In the first Jaya Jones Treasure Hunt Mystery, Artifact, historian Jaya Jones discovers the secrets of a lost Indian treasure may be hidden in a Scottish legend from the days of the British Raj. But she’s not the only one on the trail. From San Francisco to London to the Highlands of Scotland, Jaya must evade a shadowy stalker as she follows hints from the hastily scrawled note of her dead lover to a remote archaeological dig to track down both a treasure and a killer.

There are now five books in the series, each going from San Francisco to a different foreign destination as Jaya solves a present-day crime linked to a historical treasure from India’s colonial history. One of the biggest thrills in my writing career has been that reviewers frequently compare my books to those by Elizabeth Peters.


USA Today bestselling and Agatha Award-winning author Gigi Pandian is the child of cultural anthropologists from New Mexico and the southern tip of India. She spent her childhood traveling around the world on their research trips, and now lives in the San Francisco Bay Area with her husband and a gargoyle who watches over the garden.

Gigi’s novels have been described as a cross between Indiana Jones and Agatha Christie. She writes the Jaya Jones Treasure Hunt mystery series (Artifact, Pirate Vishnu, Quicksand, Michelangelo’s Ghost, The Ninja’s Illusion, and The Cambodian Curse & Other Stories), the Accidental Alchemist mysteries (The Accidental Alchemist, The Masquerading Magician, The Elusive Elixir, and The Alchemist’s Illusion), and locked-room mystery short stories.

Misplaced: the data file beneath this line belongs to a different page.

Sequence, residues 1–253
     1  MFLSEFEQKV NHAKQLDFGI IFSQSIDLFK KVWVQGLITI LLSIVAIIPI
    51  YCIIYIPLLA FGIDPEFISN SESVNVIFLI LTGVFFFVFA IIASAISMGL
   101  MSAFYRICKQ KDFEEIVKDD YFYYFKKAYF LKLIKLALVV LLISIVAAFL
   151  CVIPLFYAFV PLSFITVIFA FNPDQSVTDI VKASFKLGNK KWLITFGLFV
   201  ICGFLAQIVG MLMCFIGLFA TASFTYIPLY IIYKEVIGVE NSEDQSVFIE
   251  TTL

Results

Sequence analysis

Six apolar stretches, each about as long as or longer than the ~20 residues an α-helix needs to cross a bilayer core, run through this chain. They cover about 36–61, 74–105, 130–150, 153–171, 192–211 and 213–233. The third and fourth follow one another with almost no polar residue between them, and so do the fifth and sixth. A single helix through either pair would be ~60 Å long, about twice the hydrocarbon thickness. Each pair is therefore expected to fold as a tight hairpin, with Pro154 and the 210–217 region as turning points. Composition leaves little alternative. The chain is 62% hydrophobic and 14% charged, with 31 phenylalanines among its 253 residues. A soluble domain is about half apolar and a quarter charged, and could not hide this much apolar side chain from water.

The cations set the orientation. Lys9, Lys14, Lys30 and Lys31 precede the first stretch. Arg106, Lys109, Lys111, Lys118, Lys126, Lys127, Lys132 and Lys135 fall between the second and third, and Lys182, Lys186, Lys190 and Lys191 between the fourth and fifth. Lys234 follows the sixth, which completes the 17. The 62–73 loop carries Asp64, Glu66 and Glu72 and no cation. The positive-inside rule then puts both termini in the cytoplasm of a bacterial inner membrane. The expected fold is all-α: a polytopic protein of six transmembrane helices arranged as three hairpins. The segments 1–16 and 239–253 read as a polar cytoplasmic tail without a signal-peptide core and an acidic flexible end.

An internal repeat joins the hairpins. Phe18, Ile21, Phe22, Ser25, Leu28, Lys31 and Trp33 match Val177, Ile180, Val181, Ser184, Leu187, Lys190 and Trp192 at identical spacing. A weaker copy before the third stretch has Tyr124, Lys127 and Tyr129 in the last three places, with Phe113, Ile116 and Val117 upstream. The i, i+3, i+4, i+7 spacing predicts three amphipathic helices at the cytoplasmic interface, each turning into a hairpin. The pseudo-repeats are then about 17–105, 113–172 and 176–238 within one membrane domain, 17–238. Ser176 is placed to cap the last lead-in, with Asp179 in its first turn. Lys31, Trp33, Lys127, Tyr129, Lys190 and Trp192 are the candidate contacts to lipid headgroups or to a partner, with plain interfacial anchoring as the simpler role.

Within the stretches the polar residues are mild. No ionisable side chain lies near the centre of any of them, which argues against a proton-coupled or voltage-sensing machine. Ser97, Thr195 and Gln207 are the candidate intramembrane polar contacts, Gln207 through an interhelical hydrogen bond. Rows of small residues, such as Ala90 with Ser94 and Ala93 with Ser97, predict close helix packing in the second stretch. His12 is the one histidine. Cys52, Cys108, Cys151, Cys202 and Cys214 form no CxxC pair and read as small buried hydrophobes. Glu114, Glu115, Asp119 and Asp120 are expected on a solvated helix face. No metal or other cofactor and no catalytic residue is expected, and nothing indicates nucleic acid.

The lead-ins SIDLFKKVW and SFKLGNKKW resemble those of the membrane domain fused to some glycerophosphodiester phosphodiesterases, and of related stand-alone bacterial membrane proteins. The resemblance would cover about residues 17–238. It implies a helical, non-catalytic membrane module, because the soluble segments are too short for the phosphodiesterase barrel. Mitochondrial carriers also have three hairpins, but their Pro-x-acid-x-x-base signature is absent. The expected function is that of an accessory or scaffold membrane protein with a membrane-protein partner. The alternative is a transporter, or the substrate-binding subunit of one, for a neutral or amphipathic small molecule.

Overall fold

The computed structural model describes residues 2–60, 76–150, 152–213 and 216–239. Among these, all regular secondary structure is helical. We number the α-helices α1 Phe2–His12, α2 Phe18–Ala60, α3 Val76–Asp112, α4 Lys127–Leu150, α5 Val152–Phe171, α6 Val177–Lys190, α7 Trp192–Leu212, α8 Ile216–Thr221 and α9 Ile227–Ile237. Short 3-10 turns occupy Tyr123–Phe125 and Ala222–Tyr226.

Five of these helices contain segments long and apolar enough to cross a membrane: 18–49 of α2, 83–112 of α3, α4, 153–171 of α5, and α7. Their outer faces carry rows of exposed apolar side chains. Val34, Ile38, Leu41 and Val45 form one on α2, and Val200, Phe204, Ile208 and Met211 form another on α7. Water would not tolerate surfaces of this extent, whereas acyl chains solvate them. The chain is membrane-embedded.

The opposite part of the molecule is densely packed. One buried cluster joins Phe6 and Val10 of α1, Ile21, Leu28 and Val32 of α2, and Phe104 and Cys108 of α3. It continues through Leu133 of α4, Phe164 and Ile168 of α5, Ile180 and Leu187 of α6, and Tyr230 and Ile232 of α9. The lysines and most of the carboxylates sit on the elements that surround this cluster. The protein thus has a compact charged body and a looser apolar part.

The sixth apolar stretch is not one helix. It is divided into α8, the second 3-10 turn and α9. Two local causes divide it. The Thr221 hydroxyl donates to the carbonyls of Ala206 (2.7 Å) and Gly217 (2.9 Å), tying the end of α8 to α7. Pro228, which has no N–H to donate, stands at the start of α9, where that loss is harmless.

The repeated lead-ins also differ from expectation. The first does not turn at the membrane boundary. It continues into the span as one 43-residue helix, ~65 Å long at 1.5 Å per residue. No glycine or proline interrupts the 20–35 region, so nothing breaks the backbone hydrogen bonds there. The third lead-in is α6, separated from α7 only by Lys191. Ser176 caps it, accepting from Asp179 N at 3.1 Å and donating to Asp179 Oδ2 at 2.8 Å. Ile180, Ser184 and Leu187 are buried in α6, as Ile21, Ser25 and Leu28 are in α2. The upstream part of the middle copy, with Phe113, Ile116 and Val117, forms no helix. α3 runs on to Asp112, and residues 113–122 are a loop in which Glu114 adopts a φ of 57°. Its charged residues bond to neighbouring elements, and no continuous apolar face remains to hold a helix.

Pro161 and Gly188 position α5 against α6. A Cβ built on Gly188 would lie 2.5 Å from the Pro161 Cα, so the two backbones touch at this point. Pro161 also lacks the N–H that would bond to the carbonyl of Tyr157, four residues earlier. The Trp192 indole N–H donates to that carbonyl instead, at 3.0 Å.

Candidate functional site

For more information, please visit http://gigipandian.com.

 

 

11 thoughts on “I Read/I Wrote: Gigi Pandian”

  1. Thanks so much for visiting, Gigi! The adventures of Amelia Peabody and Vicky Bliss were family favorites when I was younger too. It’s fascinating to hear how reading Elizabeth Peters’ books and traveling with your professor parents are intertwined. Sounds like you saw a great deal of the world as you were growing up–what a wonderful thing.

    Congratulations on your books–love the Jaya Jones mysteries as well as the Accidental Alchemist books!